Science and Technology in Homeric Epics

Here we present parts of the ‘Preface‘ of the impressive collective work “Science and Technology in Homeric Epics“, edited by S.A. Paipetis (Springer, 2008).


“The present volume is based on papers presented at the international symposium “Science and Technology in Homeric Epics”, SPAP Conference Centre, Ancient Olympia, 27–30 August 2006. It includes a total of 41 contributions, mostly original research papers, covering diverse fields of science and technology, in the modern sense of these words.

The use of terms coined in relatively recent times (after the 15th century) to refer to situations from times so long ago as the Mycenaean Era, may sound inappropriate. However, careful studies of the Homeric Epics by specialists in the various scientific fields may convince the reader that the knowledge contained therein reflects a deep understanding of the science of nature and an ability to apply technological achievements and structures, strongly reminiscent of modern technology in its present evolution level.

The question of knowledge contained in the Homeric Epic had, until recently, received a negative answer. The seemingly scientific knowledge and admirable technological achievements presented have always been attributed to poetic inspiration rather than to a solid scientific mind. Of course, if the latter were true, which is likely to be sometimes, it is also true that the very conception of an idea can constitute a catalyst towards scientific development. For example, Isaac Asimov notices that the first reference to robots is found in the Iliad, i.e. to the golden girls of Hephaestus, who, although made of soulless matter, “were like real young women, with sense and reason, voice also and strength, and all the learning of the immortals” (Il. 18.419–420). The great dream of Man, i.e. the possession of fully rational, obedient and efficient mechanical servants, is about to be substantiated nowadays. On the other hand, the technical information given in the Iliad is not sufficient to reach a justified conclusion on whether such devices really existed in the Mycenaean era.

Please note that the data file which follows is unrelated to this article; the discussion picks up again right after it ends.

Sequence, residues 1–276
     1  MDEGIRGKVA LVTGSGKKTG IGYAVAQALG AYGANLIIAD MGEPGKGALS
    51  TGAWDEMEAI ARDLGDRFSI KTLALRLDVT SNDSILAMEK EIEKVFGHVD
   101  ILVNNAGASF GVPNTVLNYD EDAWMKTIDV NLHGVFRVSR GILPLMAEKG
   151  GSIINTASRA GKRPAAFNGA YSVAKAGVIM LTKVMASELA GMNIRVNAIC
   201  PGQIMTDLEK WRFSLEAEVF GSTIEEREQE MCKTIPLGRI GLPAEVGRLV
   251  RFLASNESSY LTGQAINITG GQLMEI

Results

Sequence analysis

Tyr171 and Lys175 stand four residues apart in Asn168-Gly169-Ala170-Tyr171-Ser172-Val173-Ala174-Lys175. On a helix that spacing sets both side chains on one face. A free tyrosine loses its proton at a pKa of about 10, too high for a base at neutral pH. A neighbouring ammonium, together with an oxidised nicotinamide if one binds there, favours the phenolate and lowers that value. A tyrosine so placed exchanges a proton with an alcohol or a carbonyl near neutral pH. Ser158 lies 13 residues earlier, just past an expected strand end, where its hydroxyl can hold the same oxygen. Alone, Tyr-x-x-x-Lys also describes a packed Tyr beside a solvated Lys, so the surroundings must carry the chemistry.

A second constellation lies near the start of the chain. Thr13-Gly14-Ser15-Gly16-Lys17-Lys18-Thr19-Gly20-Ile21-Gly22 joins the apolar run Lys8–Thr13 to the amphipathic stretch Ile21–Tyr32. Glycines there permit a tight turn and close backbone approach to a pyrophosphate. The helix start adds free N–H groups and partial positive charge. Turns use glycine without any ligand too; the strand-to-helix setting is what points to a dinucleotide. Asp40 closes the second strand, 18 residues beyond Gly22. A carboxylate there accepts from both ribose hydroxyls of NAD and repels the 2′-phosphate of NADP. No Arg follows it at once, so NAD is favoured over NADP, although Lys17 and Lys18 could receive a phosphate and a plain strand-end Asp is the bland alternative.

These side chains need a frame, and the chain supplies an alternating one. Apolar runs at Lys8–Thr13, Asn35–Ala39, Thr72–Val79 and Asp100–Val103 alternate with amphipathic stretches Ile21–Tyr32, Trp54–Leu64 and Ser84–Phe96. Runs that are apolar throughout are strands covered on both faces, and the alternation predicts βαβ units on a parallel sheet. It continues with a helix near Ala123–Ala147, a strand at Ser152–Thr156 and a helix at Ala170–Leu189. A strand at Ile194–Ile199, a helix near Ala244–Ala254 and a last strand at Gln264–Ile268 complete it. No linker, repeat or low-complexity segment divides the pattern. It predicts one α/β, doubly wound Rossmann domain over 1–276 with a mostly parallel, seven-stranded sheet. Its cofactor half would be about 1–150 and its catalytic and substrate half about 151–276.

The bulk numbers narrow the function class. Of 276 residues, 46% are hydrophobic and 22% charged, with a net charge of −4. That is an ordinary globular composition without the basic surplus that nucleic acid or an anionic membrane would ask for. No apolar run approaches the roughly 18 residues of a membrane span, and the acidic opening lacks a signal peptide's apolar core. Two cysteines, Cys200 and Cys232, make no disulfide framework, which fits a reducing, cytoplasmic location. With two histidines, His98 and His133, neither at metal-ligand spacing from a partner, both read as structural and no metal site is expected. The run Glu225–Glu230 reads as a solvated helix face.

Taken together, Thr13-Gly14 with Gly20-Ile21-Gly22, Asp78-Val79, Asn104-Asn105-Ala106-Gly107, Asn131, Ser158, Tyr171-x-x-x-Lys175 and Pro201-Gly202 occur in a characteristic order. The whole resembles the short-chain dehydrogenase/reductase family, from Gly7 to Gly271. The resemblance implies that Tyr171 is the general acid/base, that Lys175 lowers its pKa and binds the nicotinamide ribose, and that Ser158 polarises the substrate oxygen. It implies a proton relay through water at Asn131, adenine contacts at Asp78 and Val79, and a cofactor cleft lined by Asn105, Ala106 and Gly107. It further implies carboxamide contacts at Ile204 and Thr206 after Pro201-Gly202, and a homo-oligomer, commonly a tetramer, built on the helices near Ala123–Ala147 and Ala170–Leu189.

However, there are many more explicit cases, where the description of a structure provides sufficient data, from which, on the basis of fully realistic assumptions, it is possible to reconstruct it in the form of numerical models and/or experimental specimens and, consequently, to perform a theoretical and/or experimental analysis.

Examples of such structures are the shields of Achilles and Ajax, which are laminated structures, of practically modern technology, exhibiting maximum penetration resistance. Their analysis confirmed their battle behaviour, as recounted in the Iliad, with surprising accuracy. The analysis of Circe’s instruction to Ulysses, on how to cross the fearful straits of Scylla and Charybdis safely, based on the hydrodynamic investigation of the problem, is another example of analytical approach.

Certainly, the above papers constitute substantial contributions towards uncovering knowledge found in the Epics, but the quest in the endless world of Homer does not stop. A few questions may have been answered, but only to reveal an enormous number of further questions, waiting to be answered by new, adventurous investigators, either specialists from practically all fields of science or even lay people who just happen to be sensitive towards beauty and, therefore, ready to partake of the hidden knowledge.”


Research-Selection for NovoScriptorium: Philaretus Homerides



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